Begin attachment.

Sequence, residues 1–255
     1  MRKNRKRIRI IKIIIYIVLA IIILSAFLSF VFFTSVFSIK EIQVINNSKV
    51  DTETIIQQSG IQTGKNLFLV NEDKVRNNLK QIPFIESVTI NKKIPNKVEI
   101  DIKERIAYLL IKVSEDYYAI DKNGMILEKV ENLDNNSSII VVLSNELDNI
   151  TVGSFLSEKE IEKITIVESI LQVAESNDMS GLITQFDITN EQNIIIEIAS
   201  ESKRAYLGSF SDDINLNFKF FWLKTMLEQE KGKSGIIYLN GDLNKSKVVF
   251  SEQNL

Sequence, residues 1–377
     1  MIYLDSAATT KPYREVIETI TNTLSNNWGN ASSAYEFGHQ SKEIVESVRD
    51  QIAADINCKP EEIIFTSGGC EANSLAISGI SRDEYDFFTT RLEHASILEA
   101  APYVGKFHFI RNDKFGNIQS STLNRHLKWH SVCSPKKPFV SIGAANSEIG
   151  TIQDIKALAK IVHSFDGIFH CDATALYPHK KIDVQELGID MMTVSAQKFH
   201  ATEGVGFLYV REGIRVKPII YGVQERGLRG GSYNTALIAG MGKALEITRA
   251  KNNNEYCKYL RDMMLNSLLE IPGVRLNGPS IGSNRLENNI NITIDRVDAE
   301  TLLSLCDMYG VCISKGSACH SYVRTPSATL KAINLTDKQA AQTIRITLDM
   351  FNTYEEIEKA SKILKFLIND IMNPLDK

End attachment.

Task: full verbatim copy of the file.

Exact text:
Sequence, residues 1–255
     1  MRKNRKRIRI IKIIIYIVLA IIILSAFLSF VFFTSVFSIK EIQVINNSKV
    51  DTETIIQQSG IQTGKNLFLV NEDKVRNNLK QIPFIESVTI NKKIPNKVEI
   101  DIKERIAYLL IKVSEDYYAI DKNGMILEKV ENLDNNSSII VVLSNELDNI
   151  TVGSFLSEKE IEKITIVESI LQVAESNDMS GLITQFDITN EQNIIIEIAS
   201  ESKRAYLGSF SDDINLNFKF FWLKTMLEQE KGKSGIIYLN GDLNKSKVVF
   251  SEQNL

Sequence, residues 1–377
     1  MIYLDSAATT KPYREVIETI TNTLSNNWGN ASSAYEFGHQ SKEIVESVRD
    51  QIAADINCKP EEIIFTSGGC EANSLAISGI SRDEYDFFTT RLEHASILEA
   101  APYVGKFHFI RNDKFGNIQS STLNRHLKWH SVCSPKKPFV SIGAANSEIG
   151  TIQDIKALAK IVHSFDGIFH CDATALYPHK KIDVQELGID MMTVSAQKFH
   201  ATEGVGFLYV REGIRVKPII YGVQERGLRG GSYNTALIAG MGKALEITRA
   251  KNNNEYCKYL RDMMLNSLLE IPGVRLNGPS IGSNRLENNI NITIDRVDAE
   301  TLLSLCDMYG VCISKGSACH SYVRTPSATL KAINLTDKQA AQTIRITLDM
   351  FNTYEEIEKA SKILKFLIND IMNPLDK